While they are a smart breed, Beagles are quite independent, so training may take a little more patience and effort than with other dogs. Make it clear that your Beagle gets no attention from you when he jumps. Once he learns basic obedience, have him do something else, such as sit, when you enter, and he appears poised to leap on you.

If you have a Beagle that jumps, take the time to watch trainer Zac George’s session below on how to stop your dog from jumping on people.

Other Beagle PDAs

Most Beagles enjoy a good belly rub. If your dog comes to you, rolls over and exposes her underside, that means she really trusts you. It’s a probable sign that she wants that belly rubbed and rubbed now.

Many Beagles show affection with a major lickfest. Some people don’t mind that, while others find it gross. Depending on what side of the fence you fall on, you can encourage or discourage these oral Beagle displays of affection.

Do beagles like to cuddle?

Keep in mind that a Beagle’s insatiable food drive means he’ll chow down on anything you encounter on walks, including other animals’ feces. When a Beagle shares your home, you soon learn to keep garbage cans well-secured and food safely out of Beagle reach. The breed has made counter surfing into an art form. You don’t want to let your Beagle lick your face effusively only to find out he just ate all of the dirty tissues in the bathroom garbage!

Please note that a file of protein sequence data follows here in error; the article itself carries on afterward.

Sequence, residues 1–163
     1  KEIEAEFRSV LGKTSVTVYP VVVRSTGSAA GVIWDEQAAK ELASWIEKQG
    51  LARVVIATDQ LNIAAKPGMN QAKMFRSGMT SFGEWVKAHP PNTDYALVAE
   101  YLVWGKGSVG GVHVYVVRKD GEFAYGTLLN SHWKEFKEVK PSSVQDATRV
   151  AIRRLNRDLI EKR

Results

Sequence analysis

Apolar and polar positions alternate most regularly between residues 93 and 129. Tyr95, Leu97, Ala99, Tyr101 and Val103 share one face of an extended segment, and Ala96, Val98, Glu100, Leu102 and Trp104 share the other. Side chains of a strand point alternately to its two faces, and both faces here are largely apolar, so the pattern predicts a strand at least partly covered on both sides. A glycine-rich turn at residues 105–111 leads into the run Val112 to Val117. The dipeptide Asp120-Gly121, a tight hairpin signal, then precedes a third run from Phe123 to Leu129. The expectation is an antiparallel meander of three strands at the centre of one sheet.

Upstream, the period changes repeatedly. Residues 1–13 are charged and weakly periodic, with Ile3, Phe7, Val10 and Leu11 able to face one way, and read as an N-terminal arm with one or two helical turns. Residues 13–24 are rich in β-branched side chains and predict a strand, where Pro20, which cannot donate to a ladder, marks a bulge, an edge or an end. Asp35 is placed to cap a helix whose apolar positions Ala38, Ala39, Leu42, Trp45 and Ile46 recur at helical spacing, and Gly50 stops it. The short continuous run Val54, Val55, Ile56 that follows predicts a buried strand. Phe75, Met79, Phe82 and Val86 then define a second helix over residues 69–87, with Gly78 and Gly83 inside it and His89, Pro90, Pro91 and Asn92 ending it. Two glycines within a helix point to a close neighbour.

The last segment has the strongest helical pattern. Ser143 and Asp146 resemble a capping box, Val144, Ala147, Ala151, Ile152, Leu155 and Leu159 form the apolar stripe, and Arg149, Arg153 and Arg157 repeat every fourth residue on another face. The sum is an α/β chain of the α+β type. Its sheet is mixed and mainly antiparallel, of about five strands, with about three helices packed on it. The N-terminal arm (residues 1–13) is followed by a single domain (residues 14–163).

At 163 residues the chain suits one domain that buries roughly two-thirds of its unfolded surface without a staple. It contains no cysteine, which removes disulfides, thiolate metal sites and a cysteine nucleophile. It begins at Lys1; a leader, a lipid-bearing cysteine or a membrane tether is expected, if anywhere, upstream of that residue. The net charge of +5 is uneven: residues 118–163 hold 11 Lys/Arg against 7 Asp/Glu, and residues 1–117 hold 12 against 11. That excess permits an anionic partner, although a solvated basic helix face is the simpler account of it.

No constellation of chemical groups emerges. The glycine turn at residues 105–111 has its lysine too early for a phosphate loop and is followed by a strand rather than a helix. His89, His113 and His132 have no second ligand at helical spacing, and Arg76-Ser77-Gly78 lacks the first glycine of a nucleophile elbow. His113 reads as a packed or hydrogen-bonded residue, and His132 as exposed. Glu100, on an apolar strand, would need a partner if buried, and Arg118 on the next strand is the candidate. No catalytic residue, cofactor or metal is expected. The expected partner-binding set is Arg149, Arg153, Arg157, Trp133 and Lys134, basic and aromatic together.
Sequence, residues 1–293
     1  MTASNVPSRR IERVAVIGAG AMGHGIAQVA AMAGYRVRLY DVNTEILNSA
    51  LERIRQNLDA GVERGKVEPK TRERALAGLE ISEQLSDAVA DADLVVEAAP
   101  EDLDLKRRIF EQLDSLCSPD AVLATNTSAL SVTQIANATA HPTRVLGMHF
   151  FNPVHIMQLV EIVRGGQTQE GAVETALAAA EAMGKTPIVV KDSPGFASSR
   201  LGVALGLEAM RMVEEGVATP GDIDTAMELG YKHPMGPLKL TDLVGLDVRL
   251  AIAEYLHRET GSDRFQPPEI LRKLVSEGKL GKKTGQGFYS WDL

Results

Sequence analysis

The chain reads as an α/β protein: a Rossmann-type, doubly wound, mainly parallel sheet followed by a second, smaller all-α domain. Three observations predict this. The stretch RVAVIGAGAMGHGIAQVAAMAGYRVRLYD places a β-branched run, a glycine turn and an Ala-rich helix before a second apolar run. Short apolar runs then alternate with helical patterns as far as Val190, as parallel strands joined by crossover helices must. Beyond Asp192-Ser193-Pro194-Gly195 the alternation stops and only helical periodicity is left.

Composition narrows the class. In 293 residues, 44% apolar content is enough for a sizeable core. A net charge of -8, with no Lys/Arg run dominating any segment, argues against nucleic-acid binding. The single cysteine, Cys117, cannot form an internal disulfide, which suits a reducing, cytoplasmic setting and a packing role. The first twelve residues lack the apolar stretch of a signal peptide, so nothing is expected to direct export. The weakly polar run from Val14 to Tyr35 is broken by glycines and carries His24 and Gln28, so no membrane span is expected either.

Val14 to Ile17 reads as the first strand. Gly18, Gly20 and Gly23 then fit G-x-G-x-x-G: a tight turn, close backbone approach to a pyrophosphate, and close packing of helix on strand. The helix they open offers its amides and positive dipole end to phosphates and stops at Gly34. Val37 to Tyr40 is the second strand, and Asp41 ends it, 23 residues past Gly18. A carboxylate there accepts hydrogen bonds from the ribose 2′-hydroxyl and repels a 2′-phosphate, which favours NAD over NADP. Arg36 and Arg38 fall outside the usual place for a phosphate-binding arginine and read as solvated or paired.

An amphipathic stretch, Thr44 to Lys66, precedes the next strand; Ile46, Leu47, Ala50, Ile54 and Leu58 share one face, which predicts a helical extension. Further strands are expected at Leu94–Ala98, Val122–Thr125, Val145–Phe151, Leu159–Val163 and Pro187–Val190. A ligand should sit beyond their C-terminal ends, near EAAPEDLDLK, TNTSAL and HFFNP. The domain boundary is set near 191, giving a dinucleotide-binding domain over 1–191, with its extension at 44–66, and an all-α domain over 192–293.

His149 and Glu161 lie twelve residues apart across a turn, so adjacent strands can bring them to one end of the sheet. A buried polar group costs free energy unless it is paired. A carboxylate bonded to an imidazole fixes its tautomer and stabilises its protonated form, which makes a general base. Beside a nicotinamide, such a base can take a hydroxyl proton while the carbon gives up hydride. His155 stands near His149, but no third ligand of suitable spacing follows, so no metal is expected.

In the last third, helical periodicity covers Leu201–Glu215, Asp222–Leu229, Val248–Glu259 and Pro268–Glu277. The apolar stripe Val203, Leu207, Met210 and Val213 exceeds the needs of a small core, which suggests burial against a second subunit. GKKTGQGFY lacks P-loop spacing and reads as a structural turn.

If you brush your Beagle’s teeth and keep his pearly whites clean and hygienic, let him give you a good lick bath as a reward.

Are Beagles Affectionate?

Beagles are utterly lovable. Everything about their appearance, from those deep, expressive eyes to the wagging white tip of the tail, makes your heart melt. Their looks just scream, “Cuddle me,” and their people are more than happy to oblige.

Do Beagles like to cuddle? Not every Beagle enjoys cuddling, but most do. It is actually part of their genetic makeup. Dogs were first domesticated for humans for hunting, and hunters and their dogs slept together on cold nights to keep each other warm. As a dog specifically bred for hunting, Beagles still retain that cuddling instinct.

Of course, a Beagle wants to cuddle with her person, but instincts play a role here, too. If you’ve had a bad day or are feeling down, your Beagle senses your mood. She wants to comfort you, and there is nothing better than a good Beagle cuddle to lift your spirits and make you feel better. Cuddling is a great way to bond with your pet.

Burrowing and Cuddling